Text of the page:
This blog post is cross-posted with permission from Equality Louisiana.
What did the Court decide?
The Fourteenth Amendment requires states to issue marriage licenses to same-sex couples and to recognize same-sex marriages conducted in other states. This is what most groups have called the best-case scenario.
What principles did the Court rely on to guide the decision?
The Fourteenth Amendment guarantees the right to marry as one of the fundamental liberties protected by its Due Process Clause, as a “personal [choice] central to individual dignity and autonomy.” The Court ruled that this protection applies with equal force to same-sex and opposite-sex couples due to the uniquely personal and intimate nature of the decision to marry, and the numerous legal and societal benefits that marriage connotes. Marriage equality is also guaranteed by the Fourteenth Amendment’s Equal Protection Clause, on the grounds that it is a violation of equal protection to allow opposite-sex couples but not same-sex couples to marry and receive these numerous benefits.
What about any harm done to the institution of marriage as a whole if same-sex couples are allowed to marry, or harm done to children if same-sex couples marry?
The Court didn’t find that any such thing will exist. In fact, consistent with previous Supreme Court cases and lower court rulings, they found that children of same-sex couples will only benefit from the legal recognition of their parents’ relationships.
What does this imply about other LGBT rights issues, such as employment or housing discrimination?
The decision does not speak directly to these areas.
What does this mean about state-level bans on marriage?
They are invalidated as soon as the Court’s opinion takes effect, regardless of whether they take the form of a state constitutional amendment or just a state law. (The United States Constitution is supreme over all state laws and constitutions – states may provide additional rights and protections, but they cannot remove protections guaranteed by the Constitution.) In places where cases are still outstanding in federal court, or where lower courts have ruled against marriage equality, judgments still need to be issued in favor of those seeking the freedom to marry. State officials will have to determine how to comply with the Supreme Court’s ruling, which may take time and will vary from state to state, but compliance is not optional.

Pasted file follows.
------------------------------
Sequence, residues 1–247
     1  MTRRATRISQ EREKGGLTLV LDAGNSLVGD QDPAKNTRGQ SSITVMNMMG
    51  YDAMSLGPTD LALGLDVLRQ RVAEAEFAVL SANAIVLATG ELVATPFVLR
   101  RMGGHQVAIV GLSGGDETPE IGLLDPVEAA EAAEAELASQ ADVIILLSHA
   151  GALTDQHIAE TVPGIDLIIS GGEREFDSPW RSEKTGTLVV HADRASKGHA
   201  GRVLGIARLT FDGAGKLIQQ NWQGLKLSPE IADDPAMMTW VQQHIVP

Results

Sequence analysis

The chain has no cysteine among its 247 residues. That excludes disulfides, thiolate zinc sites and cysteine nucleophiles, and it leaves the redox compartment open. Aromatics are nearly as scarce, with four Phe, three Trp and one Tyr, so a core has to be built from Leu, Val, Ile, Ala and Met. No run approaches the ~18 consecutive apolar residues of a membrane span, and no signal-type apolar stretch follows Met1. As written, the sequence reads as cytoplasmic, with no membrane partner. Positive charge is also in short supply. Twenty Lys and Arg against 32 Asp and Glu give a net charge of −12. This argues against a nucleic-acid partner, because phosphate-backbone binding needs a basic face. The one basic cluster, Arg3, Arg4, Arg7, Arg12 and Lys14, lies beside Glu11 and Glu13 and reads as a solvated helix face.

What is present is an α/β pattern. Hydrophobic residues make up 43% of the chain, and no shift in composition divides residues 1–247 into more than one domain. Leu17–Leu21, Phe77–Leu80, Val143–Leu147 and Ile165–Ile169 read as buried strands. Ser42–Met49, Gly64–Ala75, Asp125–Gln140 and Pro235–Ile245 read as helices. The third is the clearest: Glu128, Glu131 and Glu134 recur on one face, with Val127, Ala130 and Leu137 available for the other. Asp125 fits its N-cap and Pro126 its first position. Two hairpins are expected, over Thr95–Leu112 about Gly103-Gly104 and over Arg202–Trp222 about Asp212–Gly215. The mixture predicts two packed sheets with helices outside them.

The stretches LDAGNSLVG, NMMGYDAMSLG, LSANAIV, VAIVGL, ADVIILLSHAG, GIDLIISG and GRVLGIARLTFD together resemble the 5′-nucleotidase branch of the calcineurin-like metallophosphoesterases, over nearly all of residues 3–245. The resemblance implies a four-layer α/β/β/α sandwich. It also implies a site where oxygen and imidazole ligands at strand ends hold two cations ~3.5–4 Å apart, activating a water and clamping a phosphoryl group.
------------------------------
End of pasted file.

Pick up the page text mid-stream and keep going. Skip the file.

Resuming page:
When can I get married in Louisiana?
You officially have the full legal right to marry in Louisiana. It is our hope that state officials will recognize that the Supreme Court’s rulings are binding and begin to issue marriage licenses immediately, but without any official word from the Attorney General, it is possible that you may still be denied.
Should you try to exercise your right, let us know what your experience is – what parish you are in, whether you are successful and how you are treated. You can email our research and policy coordinator Matthew Patterson at firstname.lastname@example.org. If you experience problems and need counsel, please include a phone number where we can reach you.
If you do plan to get married here soon, we’ll publish a separate document in the coming days that lays out the bureaucratic details of how to go about it.
Most importantly: How do we celebrate?!